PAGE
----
Facebook and Microsoft’s AOL Patents | YouTube and Twitter’s New Ads

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Facebook Acquires AOL Patents From Microsoft (paidContent)
Facebook announced today that it will pay $550 million to Microsoft for the right to 650 patents and patent applications. Microsoft acquired those patents and hundreds of others in a deal with AOL earlier this month. The New York Times / Bits The deal allows Facebook to bulk up its intellectual property portfolio ahead of the social networking company’s initial public offering, expected next month, and it is a further sign of the growing importance of stockpiling patents in the arsenal of any big technology company. AllFacebook Facebook is currently embroiled in a controversial patent-infringement lawsuit filed by Yahoo in March. Meanwhile, last September, AOL, Yahoo and Microsoft joined forces to challenge Facebook on the online display advertising revenue front. PandoDaily Another thing is astounding about this story: The ever-bumbling AOL has actually done something smarter than Yahoo, the purple dinosaur. AOL sold and licensed its patents for a cash injection of more than $1 billion. Yahoo wanted money too, but it chose to use its patents to extort that kind of cash out of Facebook via a conveniently timed lawsuit — with zero attempt at negotiations before hand.

How Dumb Money Will Lead to Twitter Ad Anarchy (AdWeek)
Twitter’s self-serve ads platform, which started rolling out a last month, is expected to give the company a much-needed revenue boost from thousands of expected new advertisers. But a new report predicts that Twitter’s revenue windfall could come with a potentially dramatic price hike for brands. Business Insider Twitter’s ad platform is making it more expensive for brands to advertise in 140 characters, though. A report by The GroupM says prices could be hiked up 137 percent. AllTwitter The report also notes that the new system runs the risk of individuals new to the game bidding too much for certain ad products, raising the price for others in the market.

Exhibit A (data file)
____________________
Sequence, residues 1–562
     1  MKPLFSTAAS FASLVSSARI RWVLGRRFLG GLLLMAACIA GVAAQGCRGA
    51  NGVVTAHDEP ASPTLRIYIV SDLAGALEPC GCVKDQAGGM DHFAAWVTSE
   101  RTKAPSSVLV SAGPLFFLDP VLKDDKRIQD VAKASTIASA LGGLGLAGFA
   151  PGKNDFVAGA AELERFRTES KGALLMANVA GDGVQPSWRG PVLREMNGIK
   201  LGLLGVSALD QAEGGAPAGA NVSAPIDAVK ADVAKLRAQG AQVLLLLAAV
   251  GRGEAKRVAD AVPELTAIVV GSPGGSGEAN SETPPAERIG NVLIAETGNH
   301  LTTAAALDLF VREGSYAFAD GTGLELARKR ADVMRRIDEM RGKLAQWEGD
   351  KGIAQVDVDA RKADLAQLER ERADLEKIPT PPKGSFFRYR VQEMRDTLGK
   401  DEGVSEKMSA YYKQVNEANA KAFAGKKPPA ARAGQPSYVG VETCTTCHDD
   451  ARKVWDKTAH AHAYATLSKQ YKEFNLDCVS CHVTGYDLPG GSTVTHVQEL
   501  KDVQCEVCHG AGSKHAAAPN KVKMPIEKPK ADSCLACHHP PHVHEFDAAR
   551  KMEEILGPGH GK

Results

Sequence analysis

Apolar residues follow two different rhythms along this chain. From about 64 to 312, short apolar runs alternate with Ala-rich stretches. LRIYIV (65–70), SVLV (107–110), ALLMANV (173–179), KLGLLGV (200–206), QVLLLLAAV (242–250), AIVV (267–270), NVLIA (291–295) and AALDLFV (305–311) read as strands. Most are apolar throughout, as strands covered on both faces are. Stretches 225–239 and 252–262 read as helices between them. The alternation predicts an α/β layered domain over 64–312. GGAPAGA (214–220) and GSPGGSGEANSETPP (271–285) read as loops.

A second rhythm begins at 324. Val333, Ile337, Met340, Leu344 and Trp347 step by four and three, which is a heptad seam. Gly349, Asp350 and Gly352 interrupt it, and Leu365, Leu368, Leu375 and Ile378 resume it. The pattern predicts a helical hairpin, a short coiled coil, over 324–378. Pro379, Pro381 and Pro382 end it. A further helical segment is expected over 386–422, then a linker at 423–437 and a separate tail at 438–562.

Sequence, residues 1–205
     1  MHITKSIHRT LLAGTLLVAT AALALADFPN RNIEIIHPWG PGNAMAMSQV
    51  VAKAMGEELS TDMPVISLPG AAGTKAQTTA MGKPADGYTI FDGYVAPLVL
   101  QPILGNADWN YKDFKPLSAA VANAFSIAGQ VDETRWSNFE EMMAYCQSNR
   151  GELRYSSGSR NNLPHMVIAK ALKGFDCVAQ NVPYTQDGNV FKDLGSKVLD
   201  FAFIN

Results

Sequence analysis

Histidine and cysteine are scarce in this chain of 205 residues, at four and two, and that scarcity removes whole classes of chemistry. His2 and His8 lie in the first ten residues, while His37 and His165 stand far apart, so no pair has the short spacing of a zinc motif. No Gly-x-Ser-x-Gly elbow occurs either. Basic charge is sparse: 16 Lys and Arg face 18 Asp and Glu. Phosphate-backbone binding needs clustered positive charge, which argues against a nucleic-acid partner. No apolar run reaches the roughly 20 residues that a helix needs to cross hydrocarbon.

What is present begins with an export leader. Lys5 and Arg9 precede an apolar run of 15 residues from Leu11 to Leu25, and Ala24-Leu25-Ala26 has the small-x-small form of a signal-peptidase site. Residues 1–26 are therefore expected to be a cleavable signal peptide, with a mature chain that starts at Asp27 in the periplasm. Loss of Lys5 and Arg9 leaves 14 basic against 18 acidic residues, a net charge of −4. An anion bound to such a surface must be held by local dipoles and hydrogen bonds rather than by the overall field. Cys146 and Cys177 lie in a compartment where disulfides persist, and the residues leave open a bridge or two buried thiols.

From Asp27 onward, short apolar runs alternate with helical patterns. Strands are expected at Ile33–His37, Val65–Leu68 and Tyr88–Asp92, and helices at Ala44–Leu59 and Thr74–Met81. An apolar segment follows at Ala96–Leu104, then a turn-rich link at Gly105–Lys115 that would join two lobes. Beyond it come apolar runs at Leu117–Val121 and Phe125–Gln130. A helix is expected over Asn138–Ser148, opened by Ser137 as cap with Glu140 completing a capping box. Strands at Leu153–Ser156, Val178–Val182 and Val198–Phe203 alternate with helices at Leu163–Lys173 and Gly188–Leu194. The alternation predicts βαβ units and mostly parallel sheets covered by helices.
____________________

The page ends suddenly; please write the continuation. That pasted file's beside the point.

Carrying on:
Forty Percent Say Yes to In-Game Purchases (PCMag)
According to a new data from market research firm The NPD Group, four out of 10 people who have played a so-called “freemium” game have made an in-app payment. Freemium games are those which are free to pay, but offer upgrades like advanced features and functionality that you can pay for. Kotaku They found that while girls and women are, as expected, significantly more likely to play freemium games, male consumers are the ones more likely to pay real cash for virtual goodies. Investor’s Business Daily About 38 percent of the U.S. population ages 2 and older are currently playing some type of freemium game, NPD says. The study was based on an online survey of more than 6,400 people, conducted Feb. 27 through March 7.

YouTube Launches Advertiser Playbook, Gives Away $50 Million In Free Advertising (SocialTimes)
YouTube is making a major push to attract advertisers to the site and, to that end, are launching some new initiatives designed to help businesses get into the world of advertising on YouTube. The Huffington Post Google AdWords for video will offer several ways for a businesses’ advertisements to gain visibility and micro target users who show interest in their products or industry. To get the initiative rolling, Google and YouTube are offering $50 million in free advertising to help 500,000 businesses get into the online video world.

5 Things Learned From Reddit CEO Yishan Wong’s AMA (The Daily Dot)
Reddit’s new CEO, Yishan Wong, held his first version of a fireside chat on Friday. And from his AMA (“ask me anything”), it’s pretty clear that Wong, who was formerly director of engineering at Facebook, is pretty good at chatting. He’s smart, honest and funny—all useful skills, because, as we learned on Friday, he envisions Reddit becoming the platform for discussion online.